Fruit trees and bushes that were planted in the autumn or over winter can be checked to make sure the roots haven’t been loosened in frosty weather. If the soil is soft or the roots have been heaved out, firm them with the heel of your boot.



STRAWBERRIES IN HANGING POTS STEP 1: I’ve been growing strawberries in hanging pots for several years with great success and now is a good time to pot up young plants to produce a crop this summer. For healthy growth always use a good compost. I mix two-thirds multi-purpose and one-third John Innes together and to supply plenty of nutrients to the plants all summer long, I also add in a little slow-release fertiliser.

STEP 2: In a 25cm (10in) container I plant three strawberries. These are runners rooted late last summer that have been grown in cell trays, but nurseries may still have bare-root plants for sale or pot-grown runners. Plant around the edge of the basket making sure the crown (large central growth bud) is at compost level. Too deep and it can rot and too shallow, the plants will rock around.

STEP 3: Once planted and the compost lightly firmed, give the plants a water to settle their roots and the compost. Although hardy, keep the plants in a sheltered part of the garden, or better still stand them in a cold frame, cold greenhouse or polytunnel while the roots establish. Keep the compost moist and in April, hang them out, or keep them undercover for an early crop of delicious strawberries.

SOW NOW Onions, lettuce, salad leaves, broad beans, early peas and carrots under cloches.

LIME THE BRASSICA PLOT If you practice crop rotation, the plot where you are intending to grow brassicas can be treated with garden lime to raise the pH slightly. All brassicas prefer an alkaline soil (pH7) and even on my neutral soil I always add a little extra lime to the plot. Not only does the lime create the correct soil conditions, it also can help against soil-borne diseases such as clubroot which can be a serious problem on brassicas, especially in acid soil conditions. I sprinkle two or three handfuls per square metre, and allow the rain to slowly wash it down into the soil. If in doubt, carry out a soil pH test before applying. www.kitchengarden.co.uk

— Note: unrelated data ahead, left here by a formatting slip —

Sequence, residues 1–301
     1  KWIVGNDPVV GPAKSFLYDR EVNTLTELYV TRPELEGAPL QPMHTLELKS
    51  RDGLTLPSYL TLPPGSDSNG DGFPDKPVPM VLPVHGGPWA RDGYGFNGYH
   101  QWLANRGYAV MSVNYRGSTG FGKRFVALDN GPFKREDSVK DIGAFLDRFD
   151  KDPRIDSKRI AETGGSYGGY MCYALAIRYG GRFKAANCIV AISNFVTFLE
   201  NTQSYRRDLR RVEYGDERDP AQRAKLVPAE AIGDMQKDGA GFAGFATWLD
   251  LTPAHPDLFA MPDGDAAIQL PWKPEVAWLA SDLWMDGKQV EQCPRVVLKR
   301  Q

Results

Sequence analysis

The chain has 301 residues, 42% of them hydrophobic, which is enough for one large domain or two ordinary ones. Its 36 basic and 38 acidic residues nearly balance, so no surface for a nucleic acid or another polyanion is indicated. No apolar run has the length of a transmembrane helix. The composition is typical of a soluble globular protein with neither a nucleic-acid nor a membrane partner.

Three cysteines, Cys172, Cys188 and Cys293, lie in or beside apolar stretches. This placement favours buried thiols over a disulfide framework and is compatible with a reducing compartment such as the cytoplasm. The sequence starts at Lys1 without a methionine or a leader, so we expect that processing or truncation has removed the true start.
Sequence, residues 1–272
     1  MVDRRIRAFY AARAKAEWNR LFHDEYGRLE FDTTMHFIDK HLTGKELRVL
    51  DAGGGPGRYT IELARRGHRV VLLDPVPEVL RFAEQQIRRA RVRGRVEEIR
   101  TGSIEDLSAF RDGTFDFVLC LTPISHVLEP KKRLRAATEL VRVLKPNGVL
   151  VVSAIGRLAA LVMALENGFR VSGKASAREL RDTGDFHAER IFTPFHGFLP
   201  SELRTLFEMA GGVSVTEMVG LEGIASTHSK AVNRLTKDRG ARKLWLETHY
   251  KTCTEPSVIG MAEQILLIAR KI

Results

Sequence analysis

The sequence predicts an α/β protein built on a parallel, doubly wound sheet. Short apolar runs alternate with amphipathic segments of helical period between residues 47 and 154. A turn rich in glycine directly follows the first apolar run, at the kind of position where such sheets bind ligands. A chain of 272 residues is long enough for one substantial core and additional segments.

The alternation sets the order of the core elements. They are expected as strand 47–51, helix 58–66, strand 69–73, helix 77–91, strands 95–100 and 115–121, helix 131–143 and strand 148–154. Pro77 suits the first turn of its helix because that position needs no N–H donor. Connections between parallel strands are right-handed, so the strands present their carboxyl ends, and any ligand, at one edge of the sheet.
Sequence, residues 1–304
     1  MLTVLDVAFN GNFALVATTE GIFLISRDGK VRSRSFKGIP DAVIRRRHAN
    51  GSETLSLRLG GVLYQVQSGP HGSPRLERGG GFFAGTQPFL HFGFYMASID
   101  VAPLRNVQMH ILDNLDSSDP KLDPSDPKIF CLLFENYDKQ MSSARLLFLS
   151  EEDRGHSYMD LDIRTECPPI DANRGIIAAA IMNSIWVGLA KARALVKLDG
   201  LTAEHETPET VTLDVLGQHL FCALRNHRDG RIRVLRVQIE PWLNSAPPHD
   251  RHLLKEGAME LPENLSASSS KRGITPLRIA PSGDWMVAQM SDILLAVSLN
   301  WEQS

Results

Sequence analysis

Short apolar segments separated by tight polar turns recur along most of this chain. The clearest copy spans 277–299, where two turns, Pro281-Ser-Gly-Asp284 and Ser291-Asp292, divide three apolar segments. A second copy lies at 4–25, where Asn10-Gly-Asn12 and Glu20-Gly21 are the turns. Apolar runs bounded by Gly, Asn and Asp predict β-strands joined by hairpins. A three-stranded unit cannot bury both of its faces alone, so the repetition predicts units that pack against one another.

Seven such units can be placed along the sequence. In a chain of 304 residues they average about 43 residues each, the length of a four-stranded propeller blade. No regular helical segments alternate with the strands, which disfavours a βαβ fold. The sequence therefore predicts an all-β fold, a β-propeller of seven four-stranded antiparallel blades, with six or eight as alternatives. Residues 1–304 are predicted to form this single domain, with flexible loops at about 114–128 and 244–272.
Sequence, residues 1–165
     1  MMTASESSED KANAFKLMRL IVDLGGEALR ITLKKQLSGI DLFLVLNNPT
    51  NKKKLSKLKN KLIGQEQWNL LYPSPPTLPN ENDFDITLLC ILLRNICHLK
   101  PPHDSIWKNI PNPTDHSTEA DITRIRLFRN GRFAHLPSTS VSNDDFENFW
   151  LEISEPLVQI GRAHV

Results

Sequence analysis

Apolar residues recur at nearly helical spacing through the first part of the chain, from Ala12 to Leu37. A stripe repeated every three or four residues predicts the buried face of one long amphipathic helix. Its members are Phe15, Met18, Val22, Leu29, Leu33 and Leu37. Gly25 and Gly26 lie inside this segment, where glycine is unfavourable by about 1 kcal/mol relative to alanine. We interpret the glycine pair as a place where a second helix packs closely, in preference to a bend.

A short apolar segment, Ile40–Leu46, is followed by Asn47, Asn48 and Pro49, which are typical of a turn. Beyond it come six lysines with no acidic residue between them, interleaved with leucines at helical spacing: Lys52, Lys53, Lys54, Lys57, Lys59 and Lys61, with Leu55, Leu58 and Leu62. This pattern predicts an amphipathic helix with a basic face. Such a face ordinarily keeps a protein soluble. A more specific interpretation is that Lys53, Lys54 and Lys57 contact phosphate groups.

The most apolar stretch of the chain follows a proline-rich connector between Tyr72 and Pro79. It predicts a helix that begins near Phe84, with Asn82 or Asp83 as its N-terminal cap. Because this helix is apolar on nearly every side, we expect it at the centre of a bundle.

C CLOCHES TO WARM SOIL There is a lot of folklore in gardening and one old saying warns that “As the day lengthens, so the cold strengthens”. That’s often true in February, which can sometimes be a cold month, so don’t rush into planting and sowing too early! What you can

do now to help warm up the soil for when you do want to start growing is cover an area with cloches. They will keep the rain off, allowing already wet soil to dry out a little and warm up a degree or two. It also means that when you do start sowing, the soil will be friable and easy to rake down to a seed bed.

PLANT NOW Soft fruit bushes, cane fruit and fruit trees, garlic, rhubarb, Jerusalem artichokes, shallots.

HARVEST Brussels sprouts, winter cauliflower, kale, savoy, winter cabbage, leeks, celeriac, Swiss chard, swede, Jerusalem artichokes, spinach, parsnips.

IN STORE Apples, potatoes, beetroot, carrots, onions, shallots. FEBRUARY 2018 | 7

■ Feed spring cabbages with a little nitro-chalk, sprinkling it around the plants and working it in with a hoe. This will give them a boost in growth when the weather warms up.

THIN FRUITING SPURS ON APPLES A great way to grow apples where there isn’t much space is to train them as cordons, espaliers or as a step-over. This way you can grow several varieties in a small area and I think these trained forms also look very decorative. Pruning trained trees

is simple and most of o the pruning is done in late summer by cutting the current season’s growth back to the establish hed framework of branches to create short fruiting spurs. This is done every year to keep the tree in its trained shape, but after several years, the clusters of spurs get a little longer each year and they can become crowded and congested. This is now happening

on the step-overs in my veg plot so it’s time to thin out and reduce the length of them by simply cutting out and shortening some of the established spurs to allow more space between them.

CHECK HERBS IN THE COLD FRAME I always pop my pot-grown perennial herbs into a cold frame over winter for a little protection. Most are hardy, but the frame keeps off excessive wet, which most herbs don’t like. The light is left open most of the time to allow plenty of air to them. As rain can’t get to them, I check them occasionally and if the compost is drying out, I’ll give them a drop!

RE-TIE CHERRY BRANCHES TO WIRES ■ Prune down autumn fruiting raspberries to ground level and tidy along the row, removing any weeds.

■ Carry on pruning apple trees while they are still dormant. Don’t worry if it’s cold, they will be fine and come to no harm.

■ In mild areas you could sow broad beans directly into the garden, but I always prefer to start the plants off in cell trays of compost. Once sown, they can be stood in a cold frame or greenhouse to germinate.

■ Feed around the base of established fruit trees such as apples, pears, plums and damsons with a few handfuls of sulphate of potash. This helps with fruit development through the summer.

8 | FEBRUARY 2018